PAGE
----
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Making The Case For Public Investment

The Labour Party comes into the election campaign with bold proposals for transformational public investment programmes. In his speech of 7th November John McDonnell announced a substantial public investment programme – with a £150 billion Social Transformation Fund over 5 years (annual average of £30 billion) and a £250 billion National Transformation Fund over 10 years (as in the 2017 Labour Party Manifesto and annual average of £25 billion). 

Much of the early austerity programme of the Coalition government focused on public investment. It was a significant reason why there wasn’t hostility initially towards the austerity programme of the Coalition government by the public – it took time before the cumulative effects of holding back health expenditure, people’s pay and benefits took hold. Then there was a further acceleration of austerity and cuts after 2015. The impact of the lowering of public investment also took time to build up. The Tories appear to be belatedly recognizing that austerity has failed and that a boost of public investment is required. 

All sorts of specious arguments will be advanced for this reversal – ‘the efforts of the British people have paid off’, the ‘economy is stronger’, etc... The importance of Labour’s proposals for a green new deal, regional transformation funds, and free broadband is not about addressing the shortfalls of public investment under austerity. These proposals are particularly important as they are designed to address the major challenges of climate change and inequalities.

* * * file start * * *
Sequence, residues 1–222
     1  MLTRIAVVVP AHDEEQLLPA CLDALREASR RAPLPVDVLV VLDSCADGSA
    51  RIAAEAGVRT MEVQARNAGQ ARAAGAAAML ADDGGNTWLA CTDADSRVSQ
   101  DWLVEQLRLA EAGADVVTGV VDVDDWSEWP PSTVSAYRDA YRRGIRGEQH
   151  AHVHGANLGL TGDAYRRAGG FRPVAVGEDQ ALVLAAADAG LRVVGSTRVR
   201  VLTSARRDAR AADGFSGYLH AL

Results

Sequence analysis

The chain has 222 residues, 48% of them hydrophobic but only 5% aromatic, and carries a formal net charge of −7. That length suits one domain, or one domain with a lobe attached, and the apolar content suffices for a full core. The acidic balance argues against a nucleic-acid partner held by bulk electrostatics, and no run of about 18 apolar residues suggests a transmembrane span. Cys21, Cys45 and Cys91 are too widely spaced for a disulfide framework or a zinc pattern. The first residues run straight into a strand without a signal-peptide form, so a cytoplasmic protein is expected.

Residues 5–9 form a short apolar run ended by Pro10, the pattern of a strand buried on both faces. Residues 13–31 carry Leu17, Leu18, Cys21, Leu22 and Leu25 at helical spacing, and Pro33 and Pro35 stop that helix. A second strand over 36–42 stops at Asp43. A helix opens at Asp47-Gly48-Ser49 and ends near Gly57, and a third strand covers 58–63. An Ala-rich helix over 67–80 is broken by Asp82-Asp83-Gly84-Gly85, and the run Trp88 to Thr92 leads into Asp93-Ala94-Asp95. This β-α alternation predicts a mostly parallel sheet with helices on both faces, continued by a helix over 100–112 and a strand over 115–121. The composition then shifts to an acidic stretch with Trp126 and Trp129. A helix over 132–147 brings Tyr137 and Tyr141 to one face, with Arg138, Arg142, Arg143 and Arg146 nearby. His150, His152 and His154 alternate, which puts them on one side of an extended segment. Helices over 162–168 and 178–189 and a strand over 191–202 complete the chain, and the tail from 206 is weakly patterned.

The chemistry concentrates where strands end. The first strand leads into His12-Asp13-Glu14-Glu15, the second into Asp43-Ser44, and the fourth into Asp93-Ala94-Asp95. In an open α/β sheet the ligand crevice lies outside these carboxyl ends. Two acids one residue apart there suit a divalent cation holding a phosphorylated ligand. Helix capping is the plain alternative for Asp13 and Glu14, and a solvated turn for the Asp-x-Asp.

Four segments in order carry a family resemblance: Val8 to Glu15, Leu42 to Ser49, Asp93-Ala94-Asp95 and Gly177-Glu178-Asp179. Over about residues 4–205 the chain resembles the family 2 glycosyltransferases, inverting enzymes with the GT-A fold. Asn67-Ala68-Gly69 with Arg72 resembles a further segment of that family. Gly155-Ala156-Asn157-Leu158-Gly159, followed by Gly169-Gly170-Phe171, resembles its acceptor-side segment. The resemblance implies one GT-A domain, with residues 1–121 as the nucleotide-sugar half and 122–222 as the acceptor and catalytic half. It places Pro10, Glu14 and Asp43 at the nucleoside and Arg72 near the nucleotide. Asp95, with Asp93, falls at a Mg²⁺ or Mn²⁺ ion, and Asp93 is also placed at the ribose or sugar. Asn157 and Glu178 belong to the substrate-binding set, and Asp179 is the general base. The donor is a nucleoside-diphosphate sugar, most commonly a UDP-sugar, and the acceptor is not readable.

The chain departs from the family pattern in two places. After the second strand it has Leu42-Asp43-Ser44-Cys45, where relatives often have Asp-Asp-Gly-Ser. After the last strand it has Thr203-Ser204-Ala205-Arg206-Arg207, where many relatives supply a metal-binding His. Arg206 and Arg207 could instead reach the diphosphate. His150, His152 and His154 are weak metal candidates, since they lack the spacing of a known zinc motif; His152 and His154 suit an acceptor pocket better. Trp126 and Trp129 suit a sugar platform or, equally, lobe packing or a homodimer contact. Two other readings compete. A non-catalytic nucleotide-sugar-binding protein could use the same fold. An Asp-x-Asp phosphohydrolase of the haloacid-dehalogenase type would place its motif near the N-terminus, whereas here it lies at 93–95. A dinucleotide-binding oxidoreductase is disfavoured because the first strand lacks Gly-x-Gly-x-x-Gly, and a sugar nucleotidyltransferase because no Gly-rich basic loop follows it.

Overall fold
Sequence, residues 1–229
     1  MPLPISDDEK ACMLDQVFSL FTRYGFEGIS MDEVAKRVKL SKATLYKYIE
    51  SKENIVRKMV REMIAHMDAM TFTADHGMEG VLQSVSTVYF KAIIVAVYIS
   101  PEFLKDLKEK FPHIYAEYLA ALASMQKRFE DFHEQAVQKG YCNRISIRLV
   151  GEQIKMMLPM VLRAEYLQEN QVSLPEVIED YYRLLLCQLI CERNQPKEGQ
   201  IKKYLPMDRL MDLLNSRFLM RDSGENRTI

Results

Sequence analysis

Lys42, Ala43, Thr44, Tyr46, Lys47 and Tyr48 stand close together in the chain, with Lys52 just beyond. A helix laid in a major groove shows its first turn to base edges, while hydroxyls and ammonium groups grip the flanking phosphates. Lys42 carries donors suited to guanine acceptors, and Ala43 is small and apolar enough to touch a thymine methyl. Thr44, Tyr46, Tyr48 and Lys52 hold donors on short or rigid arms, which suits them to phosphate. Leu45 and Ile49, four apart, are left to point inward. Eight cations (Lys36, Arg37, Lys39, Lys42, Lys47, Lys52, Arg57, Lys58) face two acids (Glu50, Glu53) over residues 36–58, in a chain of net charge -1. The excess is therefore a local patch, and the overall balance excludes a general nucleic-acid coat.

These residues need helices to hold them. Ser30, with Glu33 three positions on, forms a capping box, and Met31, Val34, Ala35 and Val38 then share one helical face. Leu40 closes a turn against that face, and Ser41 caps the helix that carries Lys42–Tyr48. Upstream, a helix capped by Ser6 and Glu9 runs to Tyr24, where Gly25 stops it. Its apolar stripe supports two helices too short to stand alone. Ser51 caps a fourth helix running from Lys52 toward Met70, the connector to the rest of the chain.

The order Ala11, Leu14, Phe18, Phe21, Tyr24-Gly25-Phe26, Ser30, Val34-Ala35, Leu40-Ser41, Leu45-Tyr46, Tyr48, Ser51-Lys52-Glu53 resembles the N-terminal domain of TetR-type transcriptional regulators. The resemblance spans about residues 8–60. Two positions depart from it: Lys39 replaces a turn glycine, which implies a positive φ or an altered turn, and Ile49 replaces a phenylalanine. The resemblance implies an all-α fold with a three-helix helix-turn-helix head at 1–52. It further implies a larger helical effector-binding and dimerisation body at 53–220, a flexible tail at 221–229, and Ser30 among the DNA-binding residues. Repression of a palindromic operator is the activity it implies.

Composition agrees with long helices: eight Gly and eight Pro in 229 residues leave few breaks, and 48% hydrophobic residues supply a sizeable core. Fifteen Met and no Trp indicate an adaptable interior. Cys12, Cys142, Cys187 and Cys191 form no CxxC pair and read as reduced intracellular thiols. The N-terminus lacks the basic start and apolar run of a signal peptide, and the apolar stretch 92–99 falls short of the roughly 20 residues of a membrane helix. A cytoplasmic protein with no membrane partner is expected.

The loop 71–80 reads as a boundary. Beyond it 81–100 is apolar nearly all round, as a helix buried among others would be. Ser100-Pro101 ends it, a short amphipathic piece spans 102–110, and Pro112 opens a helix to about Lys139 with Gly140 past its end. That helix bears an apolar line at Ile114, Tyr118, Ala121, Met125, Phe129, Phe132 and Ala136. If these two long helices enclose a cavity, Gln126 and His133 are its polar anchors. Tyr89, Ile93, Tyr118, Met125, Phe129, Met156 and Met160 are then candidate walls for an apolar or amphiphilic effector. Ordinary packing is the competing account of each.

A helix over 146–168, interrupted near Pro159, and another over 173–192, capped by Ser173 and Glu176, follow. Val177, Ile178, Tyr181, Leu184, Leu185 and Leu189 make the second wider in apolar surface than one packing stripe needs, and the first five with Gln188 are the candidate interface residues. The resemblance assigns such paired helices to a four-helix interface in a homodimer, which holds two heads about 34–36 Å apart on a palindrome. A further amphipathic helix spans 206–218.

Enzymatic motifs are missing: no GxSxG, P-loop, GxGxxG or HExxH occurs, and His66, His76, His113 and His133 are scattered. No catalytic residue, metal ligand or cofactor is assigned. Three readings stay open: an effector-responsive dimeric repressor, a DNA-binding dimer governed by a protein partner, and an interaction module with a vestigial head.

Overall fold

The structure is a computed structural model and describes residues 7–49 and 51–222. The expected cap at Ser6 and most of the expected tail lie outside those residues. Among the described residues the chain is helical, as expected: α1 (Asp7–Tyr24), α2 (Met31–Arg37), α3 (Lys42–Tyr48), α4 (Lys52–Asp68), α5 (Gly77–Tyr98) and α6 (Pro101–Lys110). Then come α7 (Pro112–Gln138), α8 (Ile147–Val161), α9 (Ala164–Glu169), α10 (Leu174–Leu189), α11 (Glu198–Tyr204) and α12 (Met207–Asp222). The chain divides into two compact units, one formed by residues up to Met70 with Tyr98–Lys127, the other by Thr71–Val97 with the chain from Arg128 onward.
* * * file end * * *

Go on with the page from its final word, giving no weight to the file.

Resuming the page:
The responses of the Tories and Liberal Democrats are typical - to revert to throwing around large numbers and issuing debt scares. The central issue should be whether the proposed investment and transformation programmes match the challenges we face. It is difficult to argue that we do not face a climate emergency or that there is no need to correct regional inequalities.

The transformational investment programmes are long-term and the full benefits will take many years to realise. Many will say that ‘we cannot afford’ these investments, but we will ask whether we can afford to not make these investments. It will be of little comfort to us that the debt level is low when climate change has not been addressed or when areas of high unemployment continue to suffer.

To shout down Labour’s plans, the costs of the programme will be exaggerated and similarly the debt implications. In assessing the quoted costs of the investment programme, we must remember that those employed on the programme will pay taxes on their income and subsequently on their spending. There will be further tax revenues as the investment creates more jobs and there are likely to be further benefits from new private investment.

Some argue that a period of low-interest rates is a good time to increase public investment. Although, it is welcome that any borrowing can be undertaken at low-interest rates —but let us be clear, the investment is needed whether interest rates on government borrowing are below 1 per cent or over 5 per cent. The drive for Labour’s transformational investment is because of need.

The usual charges of running deficits and ballooning debt are soon to be heard. The public debt would indeed rise if there is government borrowing as a matter of arithmetic. However, we need to pay more attention to the ratio of public debt to GDP. The debt to GDP ratio currently stands at over 80 per cent. Borrowing equivalent to 3 per cent of GDP (that is around £60 billion) would leave the debt to GDP ratio virtually unchanged if the growth of nominal GDP (that is including higher prices) was around 4 per cent. 

But, even if the debt ratio were to rise, there is no need to panic. Just ask the question – is the government expenditures on addressing climate change or inequality, socially and economically worthwhile? 

I saw a cartoon recently that perfectly conveys the point. It was drawn to be 20 years from now, and it shows someone surrounded by floods as a result of global warning saying, “well, at least the government doesn’t have any debt”. 
 
By Malcolm Sawyer, Emeritus Professor of Economics, University of Leeds.

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